1. [AllowJsonGet] – This attribute works around an MVC 2 security feature that makes you explicitly return JSON from HTTP GET requests
  2. [NoCache] – The WebClient in WP7 will cache requests for you automatically. This can catch you off guard and cause very subtle bugs if you aren’t careful. This attribute will add the appropriate HTTP cache-control headers to our response telling the app not to cache the returned JSON. If we didn’t have this, every time we requested an update for the MSFT symbol, we would immediately get back the phone-cached previous response without even trying to contact the server.
  3. [Compress] – This attribute checks the incoming Accept-Encoding of the request, and if it supports GZip, will automatically GZip compress the outgoing response. Our Windows Phone app uses the SharpGIS.GZipWebClient to decompress it – discussed below.
  4. [OutputCache] – On The GetSnapshot method below there is an OutputCache with a Duration of 60. This attribute instructs MVC to return a cached version of this response as long as the incoming route parameters are the same – in this case, if the same Symbol is requested. This means that if multiple Realworld Stocks users out there are all request a snapshot of MSFT, our service will cache this for 60 seconds and give them all the same response, rather than hitting Yahoo every single time.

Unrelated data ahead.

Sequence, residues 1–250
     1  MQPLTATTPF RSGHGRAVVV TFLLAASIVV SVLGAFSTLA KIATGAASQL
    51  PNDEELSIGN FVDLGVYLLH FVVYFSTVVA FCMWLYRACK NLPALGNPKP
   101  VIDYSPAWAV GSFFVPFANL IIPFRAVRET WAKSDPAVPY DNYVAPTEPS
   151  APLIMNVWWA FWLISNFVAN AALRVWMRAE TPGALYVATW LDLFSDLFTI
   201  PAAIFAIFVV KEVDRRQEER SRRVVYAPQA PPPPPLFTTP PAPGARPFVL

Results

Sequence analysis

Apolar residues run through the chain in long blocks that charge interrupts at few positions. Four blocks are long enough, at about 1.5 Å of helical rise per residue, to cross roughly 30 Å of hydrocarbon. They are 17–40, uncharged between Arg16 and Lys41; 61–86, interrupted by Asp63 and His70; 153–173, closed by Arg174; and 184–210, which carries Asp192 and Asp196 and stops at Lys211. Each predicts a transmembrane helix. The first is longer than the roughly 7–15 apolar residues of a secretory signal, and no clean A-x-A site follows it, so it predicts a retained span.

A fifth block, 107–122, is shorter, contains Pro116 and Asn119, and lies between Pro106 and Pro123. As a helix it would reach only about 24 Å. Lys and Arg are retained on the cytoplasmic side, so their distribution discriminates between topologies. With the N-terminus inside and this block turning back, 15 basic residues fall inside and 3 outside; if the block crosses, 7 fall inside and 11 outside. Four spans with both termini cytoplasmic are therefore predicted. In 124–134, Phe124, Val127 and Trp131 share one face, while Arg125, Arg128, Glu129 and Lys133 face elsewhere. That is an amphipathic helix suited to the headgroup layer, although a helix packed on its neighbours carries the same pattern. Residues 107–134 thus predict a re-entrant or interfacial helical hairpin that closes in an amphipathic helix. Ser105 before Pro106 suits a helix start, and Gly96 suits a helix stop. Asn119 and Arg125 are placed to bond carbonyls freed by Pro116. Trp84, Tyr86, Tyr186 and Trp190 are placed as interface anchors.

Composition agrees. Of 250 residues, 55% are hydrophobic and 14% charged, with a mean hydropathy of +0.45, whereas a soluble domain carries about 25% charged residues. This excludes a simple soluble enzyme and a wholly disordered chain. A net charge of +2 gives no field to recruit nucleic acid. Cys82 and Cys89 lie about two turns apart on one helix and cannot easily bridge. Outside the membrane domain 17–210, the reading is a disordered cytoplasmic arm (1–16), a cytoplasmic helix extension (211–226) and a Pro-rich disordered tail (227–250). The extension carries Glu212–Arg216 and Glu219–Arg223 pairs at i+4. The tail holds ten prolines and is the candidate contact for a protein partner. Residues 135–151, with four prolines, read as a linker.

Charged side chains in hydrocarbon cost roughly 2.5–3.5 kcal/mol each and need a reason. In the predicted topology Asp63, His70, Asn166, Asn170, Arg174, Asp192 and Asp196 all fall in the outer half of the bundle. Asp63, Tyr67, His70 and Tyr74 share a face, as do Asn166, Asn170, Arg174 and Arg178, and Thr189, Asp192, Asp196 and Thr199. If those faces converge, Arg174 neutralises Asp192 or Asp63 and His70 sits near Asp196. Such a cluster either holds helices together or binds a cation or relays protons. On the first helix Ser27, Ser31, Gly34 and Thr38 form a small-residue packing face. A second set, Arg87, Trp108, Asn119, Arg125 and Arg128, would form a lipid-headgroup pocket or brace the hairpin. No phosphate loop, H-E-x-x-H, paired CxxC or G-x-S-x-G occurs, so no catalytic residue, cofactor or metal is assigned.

public class StocksController : Controller
    private readonly IStocksService _stocksService;
    private readonly INewsService _newsService;

    public StocksController()
        _stocksService = new YahooStocksService();
        _newsService = new FakeNewsService();

    public ActionResult GetSnapshots(string[] symbols)
        var model = _stocksService.GetSnapshots(symbols);
        return Json(model);

    public ActionResult GetNews(string[] symbols)
        var model = _newsService.GetNews(symbols);
        return Json(model);

    [OutputCache(Duration = 60)]
    public ActionResult GetSnapshot(string symbol)
        return GetSnapshots(new[] { symbol });

Test it!

If everything goes as planned you should be able to hit this URL in a browser. On my machine hosted under IIS, the URL is:


step 4: Creating a robust HttpClient

Now that we have our service up there and returning JSON, let’s start consuming it from the app. The following HttpClient handles a number of concerns on our behalf.